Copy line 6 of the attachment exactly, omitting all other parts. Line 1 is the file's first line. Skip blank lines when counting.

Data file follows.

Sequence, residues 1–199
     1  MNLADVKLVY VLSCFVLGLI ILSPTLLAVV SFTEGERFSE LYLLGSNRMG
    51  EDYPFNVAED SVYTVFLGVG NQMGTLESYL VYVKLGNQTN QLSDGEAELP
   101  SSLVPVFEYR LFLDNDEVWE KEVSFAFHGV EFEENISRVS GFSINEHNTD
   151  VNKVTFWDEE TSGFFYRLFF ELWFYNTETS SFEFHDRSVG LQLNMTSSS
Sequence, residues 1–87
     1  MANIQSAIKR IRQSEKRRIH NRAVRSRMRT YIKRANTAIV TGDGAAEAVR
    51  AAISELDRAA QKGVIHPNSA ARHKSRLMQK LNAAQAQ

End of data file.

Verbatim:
Sequence, residues 1–87